Many organizations are challenged by choosing what data will live where and considering the public and private cloud. Public cloud is a viable option for entities that cannot afford to deploy a private cloud on-premises. However, it may be difficult for organizations to predict public cloud costs.
“The advantage of public cloud is convenience,” Hull stated. “There's also challenges with the public cloud. The number one challenge is that it's an operational expenditure. I can get capital expenditures to buy more capacity for VM cluster here or a VM cluster there. I can add more disk or flash drive, by using capital to buy them.”
“If I go to AWS or Azure software and get those on an expense basis, I've got to predict what that's going to cost every month,” he continued. “That means my operational expenditures are going to go up, and that's not good. The challenges of right sizing what we have in our private cloud and then managing that to put some in public that we'll need for use is the architectural challenge.”
Many vendors and healthcare organizations don’t believe that entities will fully abandon on-premises data storage for cloud storage. Hull thinks that healthcare will eventually move fully to cloud, however, he doesn’t see it happening in the near future.
“I think the close proximity of the data, the ability to secure it, and how we can physically layer security so we have virtual layer security is going to make it even easier for us to manage that data on on-premises systems,” said Hull.
“It's actually less expensive to have on-premise, and healthcare is always going to be concerned about how expensive things are,” he continued. “From HIPAA, CMS compliance perspective, the day that AWS really gets hacked or goes down hard is the day that it'll be even more scrutinized over what's stored there.”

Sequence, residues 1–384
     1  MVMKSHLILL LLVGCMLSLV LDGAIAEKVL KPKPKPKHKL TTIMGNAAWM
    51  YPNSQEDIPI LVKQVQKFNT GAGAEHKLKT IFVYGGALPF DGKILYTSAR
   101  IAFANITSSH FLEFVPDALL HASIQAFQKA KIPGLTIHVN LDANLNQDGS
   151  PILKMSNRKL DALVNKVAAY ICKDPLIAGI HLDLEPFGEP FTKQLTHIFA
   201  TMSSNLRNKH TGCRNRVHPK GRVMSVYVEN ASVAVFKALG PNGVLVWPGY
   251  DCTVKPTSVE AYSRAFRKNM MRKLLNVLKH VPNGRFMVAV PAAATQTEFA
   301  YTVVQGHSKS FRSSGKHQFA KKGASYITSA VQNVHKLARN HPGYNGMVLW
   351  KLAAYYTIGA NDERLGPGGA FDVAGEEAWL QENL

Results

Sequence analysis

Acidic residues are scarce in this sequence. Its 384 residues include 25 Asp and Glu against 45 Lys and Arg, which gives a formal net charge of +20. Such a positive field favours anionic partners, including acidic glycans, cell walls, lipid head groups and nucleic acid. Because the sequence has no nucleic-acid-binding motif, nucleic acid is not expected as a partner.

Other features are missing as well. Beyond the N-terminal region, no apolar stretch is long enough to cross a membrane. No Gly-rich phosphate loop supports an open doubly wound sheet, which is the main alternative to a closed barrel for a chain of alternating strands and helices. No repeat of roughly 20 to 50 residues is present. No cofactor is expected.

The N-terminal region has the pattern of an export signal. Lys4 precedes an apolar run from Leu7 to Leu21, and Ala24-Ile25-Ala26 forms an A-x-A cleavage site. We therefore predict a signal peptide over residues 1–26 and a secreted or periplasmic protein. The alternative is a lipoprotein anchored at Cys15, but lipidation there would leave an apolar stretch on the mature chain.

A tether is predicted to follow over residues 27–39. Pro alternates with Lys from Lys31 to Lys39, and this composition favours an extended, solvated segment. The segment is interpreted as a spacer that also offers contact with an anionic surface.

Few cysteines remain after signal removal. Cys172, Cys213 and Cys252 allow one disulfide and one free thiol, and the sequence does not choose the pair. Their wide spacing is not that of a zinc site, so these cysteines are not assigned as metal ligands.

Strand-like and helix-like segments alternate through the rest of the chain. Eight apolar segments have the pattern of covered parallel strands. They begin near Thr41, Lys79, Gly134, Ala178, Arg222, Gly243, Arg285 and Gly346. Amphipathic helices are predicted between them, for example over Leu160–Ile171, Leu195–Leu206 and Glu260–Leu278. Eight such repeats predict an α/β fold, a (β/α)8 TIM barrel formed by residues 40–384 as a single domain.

Planning and implementing a modern and future-proof IT infrastructure is more important than ever as organizations are preparing for infrastructure technology to play a more important role in workflow and business practices.
“IT five years from now will have a more important role than we do today, and that's because of the brokering of all those resources,” Hull predicted. “We need to make sure that we've got plenty of resources, we're sustainable, we're affordable and that it's all serviceable. The architecture is that abstraction above that physical layer.”
“I see ourselves as being very strong architects that can easily, and maybe in an automated way, fulfill those requests that are coming from our researchers, our professors, our physicians,” he maintained. “Anytime they need something they should be able to get it from a portal. And if for some reason they can't, then we talk. We want that automated service and automated provisioning. Those resources should be expandable and revisable from the environment that we're building.”
Hull advised that organizations mapping out their infrastructure strategy need to put together an architecture that includes a cloud strategy, mobile strategy, a technology review board that includes stakeholders, and a service management model.
Entities should be able to bring those four things into a framework no matter the size of the organization, he stressed.
“The point is to be able to rate those strategies, govern them through good IT governance, and have that hybrid approach that is expandable,” Hull advised.
“We have one institution that has 17 academic medical centers in a collaboration. Their data warehouse is astronomically huge, and it continues to grow,” he explained. “How are we going to accommodate them? And that should all be answered in the cloud strategy. The time and effort it takes to build those strategies is what to do right from the start.”